The Second Coming

The Second Coming Character List

The falcon

The falcon, which has become separated from the falconer, likely represents humanity itself, which has become detached from its God, or from once-revered standards of morality and order.

The falconer

The falconer may represent God, or it may represent traditional values, ethical responsibility, and order that was once in control of the falcon. The Second Coming, whatever exactly it may be, has shattered the falconer's (ruler's) contact with the falcon (ruled), leaving both stranded and alone.

The sphinx

The phrase "shape with a lion body and a head of a man" describes a sphinx, a mythological creature that often guards the entrance to hidden treasures in ancient myths. Sphinxes are known for being cruel tricksters, and in many myths, sphinxes ask those trying to pass by to solve riddles; they devour those who cannot answer correctly. In "The Second Coming," the sphinx marks the narrator's riddle-laden entrance into a nightmarish vision of the future, which he accesses through the liminal, dreamlike space of the poem.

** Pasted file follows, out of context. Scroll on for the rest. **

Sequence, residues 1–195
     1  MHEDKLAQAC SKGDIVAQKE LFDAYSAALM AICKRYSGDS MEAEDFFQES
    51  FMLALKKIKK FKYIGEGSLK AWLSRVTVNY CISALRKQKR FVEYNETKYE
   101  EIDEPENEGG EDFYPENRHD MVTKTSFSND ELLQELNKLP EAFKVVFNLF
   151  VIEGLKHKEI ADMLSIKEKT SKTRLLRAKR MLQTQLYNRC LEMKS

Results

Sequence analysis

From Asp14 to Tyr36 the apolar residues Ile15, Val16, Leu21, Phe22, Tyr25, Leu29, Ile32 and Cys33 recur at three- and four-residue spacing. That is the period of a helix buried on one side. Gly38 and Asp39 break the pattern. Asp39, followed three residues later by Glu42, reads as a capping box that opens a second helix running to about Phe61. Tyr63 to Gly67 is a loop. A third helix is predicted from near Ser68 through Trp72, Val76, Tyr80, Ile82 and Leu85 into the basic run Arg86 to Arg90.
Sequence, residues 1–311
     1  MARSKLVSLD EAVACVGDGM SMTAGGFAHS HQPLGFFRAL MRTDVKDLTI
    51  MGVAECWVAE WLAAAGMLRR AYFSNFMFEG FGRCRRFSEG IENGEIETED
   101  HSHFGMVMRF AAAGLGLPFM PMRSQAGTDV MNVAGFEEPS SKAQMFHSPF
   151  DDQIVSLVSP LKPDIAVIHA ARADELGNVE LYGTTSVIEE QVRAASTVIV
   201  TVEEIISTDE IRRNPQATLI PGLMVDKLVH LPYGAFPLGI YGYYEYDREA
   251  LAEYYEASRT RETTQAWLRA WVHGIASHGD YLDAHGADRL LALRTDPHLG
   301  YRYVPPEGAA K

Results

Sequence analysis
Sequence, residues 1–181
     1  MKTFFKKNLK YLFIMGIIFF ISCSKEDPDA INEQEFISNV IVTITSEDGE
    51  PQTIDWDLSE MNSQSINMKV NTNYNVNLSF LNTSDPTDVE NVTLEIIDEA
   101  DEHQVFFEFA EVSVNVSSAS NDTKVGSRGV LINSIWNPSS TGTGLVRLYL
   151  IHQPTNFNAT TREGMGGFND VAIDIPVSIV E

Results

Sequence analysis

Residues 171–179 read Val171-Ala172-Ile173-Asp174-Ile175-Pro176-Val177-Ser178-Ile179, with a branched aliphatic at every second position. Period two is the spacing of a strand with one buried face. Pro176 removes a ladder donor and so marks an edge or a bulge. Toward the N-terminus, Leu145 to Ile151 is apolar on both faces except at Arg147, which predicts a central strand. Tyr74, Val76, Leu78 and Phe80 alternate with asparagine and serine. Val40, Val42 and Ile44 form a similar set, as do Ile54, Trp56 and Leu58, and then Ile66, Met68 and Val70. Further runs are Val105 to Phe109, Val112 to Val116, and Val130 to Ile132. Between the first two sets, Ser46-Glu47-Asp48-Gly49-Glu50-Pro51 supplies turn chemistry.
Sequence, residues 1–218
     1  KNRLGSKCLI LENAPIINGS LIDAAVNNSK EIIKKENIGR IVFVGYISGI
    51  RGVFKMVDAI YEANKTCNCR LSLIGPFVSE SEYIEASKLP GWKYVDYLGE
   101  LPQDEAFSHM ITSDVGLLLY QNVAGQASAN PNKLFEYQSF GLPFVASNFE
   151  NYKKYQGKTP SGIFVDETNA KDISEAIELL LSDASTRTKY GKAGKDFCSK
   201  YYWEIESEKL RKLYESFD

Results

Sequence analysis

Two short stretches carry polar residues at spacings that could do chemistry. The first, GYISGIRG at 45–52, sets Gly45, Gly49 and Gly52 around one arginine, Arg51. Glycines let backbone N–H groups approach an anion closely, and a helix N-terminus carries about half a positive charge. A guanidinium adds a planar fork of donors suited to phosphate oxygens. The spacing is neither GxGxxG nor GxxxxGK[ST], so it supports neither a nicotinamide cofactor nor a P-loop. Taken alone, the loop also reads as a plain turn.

The rough beast

The "rough beast," the thing "Slouching towards Bethlehem to be born," is a force that will define the entirety of the aftermath of the Second Coming. It most likely represents a dark, chaotic, unpredictable future, but its arrival could also hint at changes that could lead to new possibilities.

The speaker

The poem has a speaker, referred to as "I" in the fifth-to-last line. Most likely this speaker is Yeats. The "I" also may be a stand-in for the reader of the poem, or for anyone affected by the onslaught of modernity and the chaos of the 20th century.